Quercetin, a natural antioxidant derived from plants is able to reduce illness and maintain mental performance in physically stressed test subjects, according to researchers at Appalachian State University. Found in red grapes, red wine, red apples, green tea and broccoli, quercetin now becomes as a result of the Appalachian research the first plant compound proven in a controlled clinical trial to reduce susceptibility to viral illnesses.
"These are ground-breaking results, because this is the first clinical, double-blind, randomized, placebo-controlled study that has found a natural plant compound to prevent viral illness,” said Dr. David Nieman, a professor in Appalachian’s Department of Health, Leisure and Exercise Science.
Nieman is leading the team of biologists, exercise scientists, psychologists and nutritionists who are studying the substance’s beneficial properties.
Research on quercetin at Appalachian State was funded by a $1.1 million contract awarded to the university in 2005 by DARPA, the U.S. Department of Defense’s high risk research and development organization. DARPA is seeking ways to maintain the immune systems of troops who are undergoing the physical and cognitive stresses of combat. The high-purity quercetin, QU995, was supplied by Quercegen Pharma in Newton, Mass.
Nieman presented results from the research study Feb. 9 at the southeastern regional meeting of the American College of Sports Medicine, held this year in Charlotte, N.C.
The average U.S. citizen eating a normal, healthy diet consumes about 25-50 milligrams of quercetin a day.
Participants in the study ingested pure quercetin, combined with vitamin C and niacin to help the body absorb the substance.
In the study, 20 cyclists ingested 1,000 milligrams of quercetin a day for five weeks. A placebo was given to 20 other cyclists. Three weeks into the study, the athletes rode a bicycle three hours a day for three days to the point of exhaustion. “We set it up to really stress the athletes,” Nieman said.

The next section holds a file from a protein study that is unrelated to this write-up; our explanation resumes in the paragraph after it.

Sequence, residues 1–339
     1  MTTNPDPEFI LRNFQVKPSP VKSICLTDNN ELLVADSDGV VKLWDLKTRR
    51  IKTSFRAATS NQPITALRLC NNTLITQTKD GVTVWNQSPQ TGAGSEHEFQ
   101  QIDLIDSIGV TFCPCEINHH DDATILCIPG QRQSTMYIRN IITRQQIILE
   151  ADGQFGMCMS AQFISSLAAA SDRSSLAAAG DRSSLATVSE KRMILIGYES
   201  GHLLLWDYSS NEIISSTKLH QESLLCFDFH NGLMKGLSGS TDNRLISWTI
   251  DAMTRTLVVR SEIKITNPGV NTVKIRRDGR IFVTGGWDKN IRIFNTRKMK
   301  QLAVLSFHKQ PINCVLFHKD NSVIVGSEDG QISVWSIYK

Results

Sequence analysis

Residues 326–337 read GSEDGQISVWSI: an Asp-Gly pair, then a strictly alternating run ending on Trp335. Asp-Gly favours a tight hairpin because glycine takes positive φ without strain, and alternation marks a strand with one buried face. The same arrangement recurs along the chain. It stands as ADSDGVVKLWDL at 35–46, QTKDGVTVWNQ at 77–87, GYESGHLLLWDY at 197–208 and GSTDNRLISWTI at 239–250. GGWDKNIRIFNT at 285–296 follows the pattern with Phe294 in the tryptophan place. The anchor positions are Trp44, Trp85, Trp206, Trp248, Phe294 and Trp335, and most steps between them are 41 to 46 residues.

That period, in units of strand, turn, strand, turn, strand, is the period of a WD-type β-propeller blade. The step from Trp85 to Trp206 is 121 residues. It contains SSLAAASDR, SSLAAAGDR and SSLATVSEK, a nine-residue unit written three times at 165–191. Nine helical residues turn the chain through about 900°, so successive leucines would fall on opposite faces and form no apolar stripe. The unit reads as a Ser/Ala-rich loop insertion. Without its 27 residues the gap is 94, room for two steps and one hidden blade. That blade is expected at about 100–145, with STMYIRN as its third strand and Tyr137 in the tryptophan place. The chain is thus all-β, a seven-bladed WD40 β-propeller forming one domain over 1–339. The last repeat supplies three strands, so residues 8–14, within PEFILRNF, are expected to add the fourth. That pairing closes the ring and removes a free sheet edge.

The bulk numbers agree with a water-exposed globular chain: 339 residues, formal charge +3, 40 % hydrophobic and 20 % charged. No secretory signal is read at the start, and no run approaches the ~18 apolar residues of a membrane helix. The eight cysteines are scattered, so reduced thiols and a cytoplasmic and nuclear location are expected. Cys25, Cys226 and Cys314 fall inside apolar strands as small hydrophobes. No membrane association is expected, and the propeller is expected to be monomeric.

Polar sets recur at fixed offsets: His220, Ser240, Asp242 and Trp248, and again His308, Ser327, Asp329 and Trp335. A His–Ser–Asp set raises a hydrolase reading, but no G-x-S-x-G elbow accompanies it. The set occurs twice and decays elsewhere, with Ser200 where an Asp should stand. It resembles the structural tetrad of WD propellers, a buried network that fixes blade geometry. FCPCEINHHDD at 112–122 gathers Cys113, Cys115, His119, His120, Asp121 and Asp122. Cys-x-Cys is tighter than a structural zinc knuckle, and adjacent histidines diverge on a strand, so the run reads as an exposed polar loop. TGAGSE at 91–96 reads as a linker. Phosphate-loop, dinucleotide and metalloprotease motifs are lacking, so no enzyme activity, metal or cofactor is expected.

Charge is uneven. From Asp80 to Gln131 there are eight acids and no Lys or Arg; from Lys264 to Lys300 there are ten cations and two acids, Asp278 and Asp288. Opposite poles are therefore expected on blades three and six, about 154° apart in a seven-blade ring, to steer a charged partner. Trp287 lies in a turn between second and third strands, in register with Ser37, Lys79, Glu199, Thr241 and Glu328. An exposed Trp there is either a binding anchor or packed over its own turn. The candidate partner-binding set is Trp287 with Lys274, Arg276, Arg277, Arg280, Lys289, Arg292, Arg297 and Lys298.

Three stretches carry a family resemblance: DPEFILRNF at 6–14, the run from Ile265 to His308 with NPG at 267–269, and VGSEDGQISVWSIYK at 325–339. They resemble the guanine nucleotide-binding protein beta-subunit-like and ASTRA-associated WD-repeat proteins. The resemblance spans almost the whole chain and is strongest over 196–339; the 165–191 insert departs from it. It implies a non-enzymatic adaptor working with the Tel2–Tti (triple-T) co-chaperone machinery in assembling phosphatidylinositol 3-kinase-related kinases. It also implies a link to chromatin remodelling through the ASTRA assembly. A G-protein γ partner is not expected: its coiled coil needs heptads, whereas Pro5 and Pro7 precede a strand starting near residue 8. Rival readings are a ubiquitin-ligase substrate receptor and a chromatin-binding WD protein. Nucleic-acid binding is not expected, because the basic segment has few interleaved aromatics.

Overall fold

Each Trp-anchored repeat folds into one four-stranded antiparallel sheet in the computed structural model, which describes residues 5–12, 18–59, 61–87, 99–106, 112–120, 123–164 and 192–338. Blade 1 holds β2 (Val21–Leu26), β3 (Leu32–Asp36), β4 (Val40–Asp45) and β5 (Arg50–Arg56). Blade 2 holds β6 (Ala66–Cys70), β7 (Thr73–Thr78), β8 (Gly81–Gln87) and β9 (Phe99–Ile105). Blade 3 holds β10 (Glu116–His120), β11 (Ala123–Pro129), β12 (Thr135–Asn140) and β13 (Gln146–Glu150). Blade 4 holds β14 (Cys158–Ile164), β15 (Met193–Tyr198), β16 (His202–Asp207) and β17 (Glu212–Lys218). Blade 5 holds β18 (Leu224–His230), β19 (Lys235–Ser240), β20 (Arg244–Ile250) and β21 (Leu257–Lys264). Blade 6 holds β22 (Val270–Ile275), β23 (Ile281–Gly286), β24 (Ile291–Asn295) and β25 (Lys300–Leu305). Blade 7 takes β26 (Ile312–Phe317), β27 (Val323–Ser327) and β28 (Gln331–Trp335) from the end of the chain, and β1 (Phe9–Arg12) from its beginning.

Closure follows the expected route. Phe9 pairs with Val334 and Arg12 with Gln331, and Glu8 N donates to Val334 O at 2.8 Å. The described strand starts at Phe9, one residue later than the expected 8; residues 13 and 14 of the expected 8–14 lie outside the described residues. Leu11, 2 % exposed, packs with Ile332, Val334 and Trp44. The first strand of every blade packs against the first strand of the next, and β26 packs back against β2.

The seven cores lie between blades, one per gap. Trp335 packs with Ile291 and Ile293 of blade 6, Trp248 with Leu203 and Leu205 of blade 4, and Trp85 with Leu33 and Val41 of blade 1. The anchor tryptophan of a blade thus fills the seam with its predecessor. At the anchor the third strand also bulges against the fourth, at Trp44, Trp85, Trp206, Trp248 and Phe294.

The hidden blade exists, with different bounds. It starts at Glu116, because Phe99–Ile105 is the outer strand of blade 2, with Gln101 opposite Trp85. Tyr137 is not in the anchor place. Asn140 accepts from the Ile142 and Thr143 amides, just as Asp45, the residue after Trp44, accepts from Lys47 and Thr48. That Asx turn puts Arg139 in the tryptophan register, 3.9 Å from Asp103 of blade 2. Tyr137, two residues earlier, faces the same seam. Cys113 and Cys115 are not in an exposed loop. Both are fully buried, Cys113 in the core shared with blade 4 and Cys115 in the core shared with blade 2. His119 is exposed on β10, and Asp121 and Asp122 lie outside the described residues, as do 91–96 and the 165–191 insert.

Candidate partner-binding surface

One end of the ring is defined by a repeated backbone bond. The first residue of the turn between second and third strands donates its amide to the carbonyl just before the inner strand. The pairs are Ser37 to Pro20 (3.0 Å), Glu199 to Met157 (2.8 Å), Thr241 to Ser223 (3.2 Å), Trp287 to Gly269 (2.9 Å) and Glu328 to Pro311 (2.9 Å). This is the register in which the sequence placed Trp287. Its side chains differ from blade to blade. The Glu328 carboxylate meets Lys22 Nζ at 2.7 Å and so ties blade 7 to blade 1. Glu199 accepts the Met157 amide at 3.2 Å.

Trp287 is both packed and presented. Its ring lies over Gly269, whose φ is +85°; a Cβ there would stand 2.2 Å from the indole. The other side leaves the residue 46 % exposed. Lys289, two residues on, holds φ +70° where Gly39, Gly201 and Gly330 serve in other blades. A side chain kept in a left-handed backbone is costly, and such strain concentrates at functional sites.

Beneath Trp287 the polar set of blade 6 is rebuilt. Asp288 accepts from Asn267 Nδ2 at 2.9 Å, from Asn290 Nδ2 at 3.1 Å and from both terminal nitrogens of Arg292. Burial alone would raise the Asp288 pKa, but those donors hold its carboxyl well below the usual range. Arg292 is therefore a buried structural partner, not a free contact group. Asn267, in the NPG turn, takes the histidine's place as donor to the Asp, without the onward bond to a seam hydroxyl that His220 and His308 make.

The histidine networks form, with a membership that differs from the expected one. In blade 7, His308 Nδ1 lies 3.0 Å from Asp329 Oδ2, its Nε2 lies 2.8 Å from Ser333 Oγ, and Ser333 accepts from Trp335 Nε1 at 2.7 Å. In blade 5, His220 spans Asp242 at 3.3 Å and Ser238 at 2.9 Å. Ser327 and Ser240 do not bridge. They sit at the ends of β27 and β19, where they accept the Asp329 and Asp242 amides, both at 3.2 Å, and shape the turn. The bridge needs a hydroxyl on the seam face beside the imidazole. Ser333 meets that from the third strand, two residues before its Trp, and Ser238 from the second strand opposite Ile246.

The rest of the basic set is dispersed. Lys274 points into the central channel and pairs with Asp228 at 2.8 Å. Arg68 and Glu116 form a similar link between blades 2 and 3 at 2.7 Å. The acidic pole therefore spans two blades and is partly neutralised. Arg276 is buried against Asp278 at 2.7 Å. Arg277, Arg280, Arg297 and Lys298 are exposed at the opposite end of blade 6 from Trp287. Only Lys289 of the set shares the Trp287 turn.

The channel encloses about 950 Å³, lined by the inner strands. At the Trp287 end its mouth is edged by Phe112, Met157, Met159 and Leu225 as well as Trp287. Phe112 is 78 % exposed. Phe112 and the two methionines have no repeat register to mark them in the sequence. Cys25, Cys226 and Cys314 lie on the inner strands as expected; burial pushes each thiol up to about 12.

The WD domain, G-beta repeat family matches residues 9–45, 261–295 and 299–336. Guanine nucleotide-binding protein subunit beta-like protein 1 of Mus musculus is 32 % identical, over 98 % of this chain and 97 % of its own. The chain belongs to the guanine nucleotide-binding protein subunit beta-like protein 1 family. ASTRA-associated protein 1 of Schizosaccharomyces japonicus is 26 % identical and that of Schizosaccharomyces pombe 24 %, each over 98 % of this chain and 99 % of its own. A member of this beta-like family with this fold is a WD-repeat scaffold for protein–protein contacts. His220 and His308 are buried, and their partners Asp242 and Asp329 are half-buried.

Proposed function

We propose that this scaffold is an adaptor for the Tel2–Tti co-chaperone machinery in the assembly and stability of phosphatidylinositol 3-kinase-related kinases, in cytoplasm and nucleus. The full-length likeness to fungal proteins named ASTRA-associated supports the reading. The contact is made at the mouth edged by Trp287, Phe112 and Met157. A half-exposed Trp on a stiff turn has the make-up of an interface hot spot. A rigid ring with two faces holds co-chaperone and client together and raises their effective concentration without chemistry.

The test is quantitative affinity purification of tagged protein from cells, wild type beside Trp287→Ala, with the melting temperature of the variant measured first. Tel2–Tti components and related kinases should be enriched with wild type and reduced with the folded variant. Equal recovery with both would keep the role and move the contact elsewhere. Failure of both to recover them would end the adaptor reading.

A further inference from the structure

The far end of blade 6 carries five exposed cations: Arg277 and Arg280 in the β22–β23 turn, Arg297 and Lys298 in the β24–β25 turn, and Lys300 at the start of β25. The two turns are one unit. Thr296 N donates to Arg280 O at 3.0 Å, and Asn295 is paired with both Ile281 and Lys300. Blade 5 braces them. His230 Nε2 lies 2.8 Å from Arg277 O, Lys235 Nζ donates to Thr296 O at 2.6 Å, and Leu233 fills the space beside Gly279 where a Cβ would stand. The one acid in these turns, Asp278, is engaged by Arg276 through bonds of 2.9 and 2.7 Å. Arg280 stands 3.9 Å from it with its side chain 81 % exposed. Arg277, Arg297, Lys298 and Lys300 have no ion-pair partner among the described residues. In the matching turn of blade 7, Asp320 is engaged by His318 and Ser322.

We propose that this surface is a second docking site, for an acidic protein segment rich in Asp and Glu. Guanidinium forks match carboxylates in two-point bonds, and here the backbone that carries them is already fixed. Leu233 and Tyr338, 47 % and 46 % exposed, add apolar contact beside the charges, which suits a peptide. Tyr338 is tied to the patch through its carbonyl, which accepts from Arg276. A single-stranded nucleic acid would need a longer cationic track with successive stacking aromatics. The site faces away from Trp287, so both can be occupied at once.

Researchers then studied blood and tissue samples to track any physiological changes occurring in the test subjects.
Nieman’s previous research has documented that extreme exercise, such as running a marathon, weakens a person’s immune system and increases infection rates.
While 45 percent of the cyclists who took a placebo reported illness following the extreme exercise, only 5 percent of the quercetin group reported any days of sickness. There was no evidence of any adverse side effects.
“That’s a highly significant difference,” Nieman said. “When you have a double-blind, placebo-controlled study and you have those kinds of differences, it can’t be due to chance,” he said.
Another finding was that the immune boosting properties of quercetin didn’t appear to take effect until after the three-day intense exercise period.
“It appears that it takes significant stress to bring out quercetin’s infection-fighting properties,” Nieman said. “This all happened when athletes were under high oxidative stress, when stress hormones were high, and they were also undergoing muscle damage.”
Researchers in Appalachian’s Department of Psychology also found that following the three days of exercise, quercetin helped maintain mental alertness and reaction time of the athletics in a fashion similar to that of caffeine.
“The athletes taking the quercetin supplement maintained their ability to react to an alertness test when exhausted, whereas those who took the placebo became measurably slower,” Nieman said. “The infection data and vigilance data are our two biggest findings in this study.”
Next, Nieman and his research team will look at quercetin’s benefits for the general public who experience everyday psychological stressors, and whether lower doses during a shorter period of time have beneficial effects.
“The question that needs to be answered now is will quercetin help members of the general community who are just going through mental stress,” Nieman said. “I really want to see if this substance will help the common person. That’s what we’re gearing up for with our next research project.”